Giving Feedback to Employees with Anxiety: A How-To Guide

Here’s an increasingly common scenario:

It’s the end of the year, which means it’s time for Molly to schedule her team’s annual reviews. She sends a 1:1 to Erica, and knows this is going to be a tricky meeting — Erica does great work, but she gets so panicked and overwhelmed that she’s been missing deadlines lately. 

Molly is concerned that any hint of negative feedback is going to be hard for Erica to take, and only exacerbate her work-related anxiety.

While you’ll find many articles offering advice to managers about dealing with their own performance anxiety at work, there’s relatively little about giving constructive feedback for employees who suffer from anxiety. 

In this post, we’ll break down the brain science behind anxiety, how it can play out at work, and tips for feedback on employee performance when anxiety is a factor.

Understanding someone with anxiety

Managing employees with anxiety is much harder if you’re not familiar with the neuroscience behind the condition.

Understanding anxiety starts with a basic fact that is true for all of us: safety is the brain’s #1 priority. Perceived threats (like losing one’s job and not making rent) can trigger destructive negative thinking, and even elicit a physical response (like increased heart rate and elevated blood pressure). 

An employee who has significant anxiety is often living in the “fight or flight” mode we experience when faced with a truly threatening situation — and will have that emotional reaction even if it’s above and beyond what the situation calls for. 

Work-related anxiety issues are more than just a classic case of email anxiety; signals from the area responsible for the emotional part of the brain — the amygdala — take over the cognitive function of the brain (which allows us to reason). Employees with anxiety have a far more active limbic system, which includes the hypothalamus and thalamus in addition to the amygdala, making it very hard to regulate emotional responses to something like routine constructive feedback. On an uneventful workday, an employee experiencing anxiety can have trouble focusing and feel fatigued (a sustained state of panic is physically and mentally draining). 

Recent research has shown just how many employees are dealing with anxiety at work. A survey by the Anxiety and Depression Association of America (ADAA) revealed that anxiety in the workplace affects up to 40 million Americans, with a third of adults having experienced an anxiety or panic attack. In another poll, nearly 20% of workers described their anxiety or depression at work as “debilitating,” with a rate almost twice as high for millennials. Workplace anxiety is tied to rising instances of absenteeism.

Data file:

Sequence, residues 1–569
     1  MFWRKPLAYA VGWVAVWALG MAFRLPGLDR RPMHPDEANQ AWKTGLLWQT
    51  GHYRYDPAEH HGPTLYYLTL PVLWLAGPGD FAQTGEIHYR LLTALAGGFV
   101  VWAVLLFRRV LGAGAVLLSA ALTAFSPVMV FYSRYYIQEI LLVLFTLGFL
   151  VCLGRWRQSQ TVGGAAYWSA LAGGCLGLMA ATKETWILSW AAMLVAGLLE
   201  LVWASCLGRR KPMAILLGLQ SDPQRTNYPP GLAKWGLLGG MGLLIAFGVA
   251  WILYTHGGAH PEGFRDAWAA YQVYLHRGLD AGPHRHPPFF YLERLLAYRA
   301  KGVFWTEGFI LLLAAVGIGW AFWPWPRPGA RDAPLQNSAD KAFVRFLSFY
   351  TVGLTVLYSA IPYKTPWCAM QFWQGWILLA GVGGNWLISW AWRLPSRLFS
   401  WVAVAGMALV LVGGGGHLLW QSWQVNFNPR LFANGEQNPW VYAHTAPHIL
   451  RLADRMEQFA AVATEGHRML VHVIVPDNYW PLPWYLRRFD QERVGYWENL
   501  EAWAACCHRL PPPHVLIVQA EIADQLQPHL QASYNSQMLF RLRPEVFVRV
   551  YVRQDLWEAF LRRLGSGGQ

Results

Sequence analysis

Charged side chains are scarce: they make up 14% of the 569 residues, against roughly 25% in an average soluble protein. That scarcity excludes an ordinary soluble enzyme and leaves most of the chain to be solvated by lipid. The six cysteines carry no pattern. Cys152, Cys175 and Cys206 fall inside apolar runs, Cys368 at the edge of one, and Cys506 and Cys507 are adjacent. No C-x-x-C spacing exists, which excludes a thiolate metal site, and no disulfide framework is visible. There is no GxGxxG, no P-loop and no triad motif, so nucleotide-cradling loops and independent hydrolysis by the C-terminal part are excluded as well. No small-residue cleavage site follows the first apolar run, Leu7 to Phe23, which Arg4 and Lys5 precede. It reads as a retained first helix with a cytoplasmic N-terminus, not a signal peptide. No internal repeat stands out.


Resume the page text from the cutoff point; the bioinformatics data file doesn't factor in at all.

What can make anxiety a particularly difficult thing to navigate with performance reviews is the fact that anxious people grapple with criticism. People with Generalized Anxiety Disorder (GAD) and Social Anxiety Disorder (SAD) “are very fearful of being judged and being criticized,” as this “can feel like being under attack in a war zone.”

While managers may not be able to completely avoid an anxious employee’s feelings of rejection, embarrassment, and upset after hearing constructive or critical feedback, there are tactics that can help reduce the employee’s perception of danger.

The emotionally intelligent manager: How to give constructive criticism  to employees with anxiety

You can’t force an employee to learn how to take constructive criticism or how to deal with anxiety at work, but a combination of empathetic accommodations and useful behavioral health resources can make all the difference. That includes:

  • Creating a culture that normalizes mental health challenges. From addiction to depression, most everyone deals with a mental health issue at some point in their lives. When discussing performance, management feedback shouldn’t reinforce the misconception that our mental health is separate from our professional lives. At Total Brain, we practice what we preach — our executives openly talk about their own mental health struggles with workplace stress management and anxiety.
  • Schedule the review within a day or so of the actual meeting. Scheduling too far ahead in the future will give the anxious person more time to worry about it and play out negative scenarios in their head. The less lead time, the less room for buildup.